“The Coast Guard in anticipation that the tower was going to be lost to the lake had installed a new light out there,” said Mary James, the part-time paid director of the Big Sable Point Lighthouse Keepers Association.
Faced with what seemed the inevitable, a group of citizens organized to push the lake back. In 1987, they organized the keepers association, and started the restoration and shore protection work.
“Waves were practically at the base of the lighthouse, and the intent was just to have the lighthouse topple into the water,” said Thom Hawley, a local preservationist who became active in the movement to save the lighthouse. Today, he’s a member of the association’s board of directors. “Fortunately, there was a group of volunteers locally who saw the importance of preserving this historic building and structure and took efforts to raise money and awareness for the preservation of the property.”
James said the lake came dangerously close to the lighthouse both because of erosion and a natural process in which the lake rises and falls over fairly regular intervals. Today, the lake is about two feet lower than it was when it came closest to the lighthouse. However, James said, “Had they not done the work that they did back in the 1980s, that lighthouse would not be standing where it is today.”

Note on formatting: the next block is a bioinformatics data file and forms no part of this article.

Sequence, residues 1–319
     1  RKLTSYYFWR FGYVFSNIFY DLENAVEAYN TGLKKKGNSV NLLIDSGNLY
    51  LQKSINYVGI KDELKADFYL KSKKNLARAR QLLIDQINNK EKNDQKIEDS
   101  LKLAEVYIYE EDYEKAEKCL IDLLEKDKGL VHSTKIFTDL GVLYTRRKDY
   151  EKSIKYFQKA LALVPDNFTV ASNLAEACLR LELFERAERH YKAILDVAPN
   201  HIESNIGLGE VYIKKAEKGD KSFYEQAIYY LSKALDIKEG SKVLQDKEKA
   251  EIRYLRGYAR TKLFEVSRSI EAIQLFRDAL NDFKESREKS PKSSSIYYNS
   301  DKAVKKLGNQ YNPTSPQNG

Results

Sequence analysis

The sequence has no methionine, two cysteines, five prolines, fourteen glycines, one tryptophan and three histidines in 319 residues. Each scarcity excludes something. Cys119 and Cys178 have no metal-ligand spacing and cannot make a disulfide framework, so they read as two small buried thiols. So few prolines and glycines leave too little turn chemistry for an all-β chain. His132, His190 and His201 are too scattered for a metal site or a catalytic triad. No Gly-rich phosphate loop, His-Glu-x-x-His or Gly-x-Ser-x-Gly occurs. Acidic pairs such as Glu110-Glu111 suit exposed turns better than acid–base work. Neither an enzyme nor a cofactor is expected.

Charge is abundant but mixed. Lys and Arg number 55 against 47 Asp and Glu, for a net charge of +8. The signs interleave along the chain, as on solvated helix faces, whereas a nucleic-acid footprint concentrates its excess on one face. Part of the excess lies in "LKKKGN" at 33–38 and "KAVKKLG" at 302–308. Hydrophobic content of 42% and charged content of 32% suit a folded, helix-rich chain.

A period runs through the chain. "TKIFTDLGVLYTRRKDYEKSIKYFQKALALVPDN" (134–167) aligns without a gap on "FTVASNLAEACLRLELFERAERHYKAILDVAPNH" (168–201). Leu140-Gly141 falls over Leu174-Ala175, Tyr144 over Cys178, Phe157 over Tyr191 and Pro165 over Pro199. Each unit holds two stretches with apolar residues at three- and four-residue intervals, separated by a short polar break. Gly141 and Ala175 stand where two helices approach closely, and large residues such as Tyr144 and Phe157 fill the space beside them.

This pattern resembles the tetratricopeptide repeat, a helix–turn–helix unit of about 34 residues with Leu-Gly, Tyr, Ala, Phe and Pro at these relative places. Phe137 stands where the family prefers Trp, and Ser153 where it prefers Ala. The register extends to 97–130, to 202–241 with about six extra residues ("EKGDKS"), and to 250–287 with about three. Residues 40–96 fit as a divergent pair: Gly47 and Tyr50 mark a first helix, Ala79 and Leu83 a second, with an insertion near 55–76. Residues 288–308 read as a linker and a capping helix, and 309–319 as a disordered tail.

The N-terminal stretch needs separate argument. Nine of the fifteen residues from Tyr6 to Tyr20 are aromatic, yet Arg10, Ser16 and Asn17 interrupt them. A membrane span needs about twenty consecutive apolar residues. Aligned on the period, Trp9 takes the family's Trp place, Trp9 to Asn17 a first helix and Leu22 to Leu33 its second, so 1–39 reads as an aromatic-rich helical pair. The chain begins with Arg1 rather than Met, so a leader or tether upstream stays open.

With the lighthouse saved, the organization kept up its work to show how it was when keepers scrubbed and painted and scrubbed again, fearful of the wrath of an inspector with white gloves.
That work included the painting of the tower in 1989, the repairing and re-shingling of the roof in 1995 and the restoration and painting of the exterior of the keepers’ quarters. Recent work also has included the replacement of sidewalks and electrical wiring in keepers quarters. The society has replaced the glass panels in the lantern room, restored the tower interior and refinished the wood floors in the lower level of the original 1867 keepers quarters. Also, the association is negotiating with the U.S. Bureau of Land Management and the Michigan Department of Natural Resources to secure a long-term lease on the property.
Today, thanks to the work of the association, volunteer keepers have things a lot easier than the families of early keepers. There are microwaves, gas stoves, refrigerators, and inside plumbing. While a few families bring their own televisions so their children can watch tapes, James said, “We would rather have them enjoy their surroundings and experience life without TV, like the original keepers.”
The modern conveniences didn’t please a daughter of a man who served as a first assistant keeper in the late 1930s and early 1940s.
During a tour of the lighthouse, the assistant keeper’s daughter pointed to a door she hadn’t seen before. Told it led to a bathroom, “She got kind of indignant and she said, ‘Well, when I was here, the bathroom was out here,’ and she pointed to the dunes. They had outside privies then,” Sandy Van Wingen said.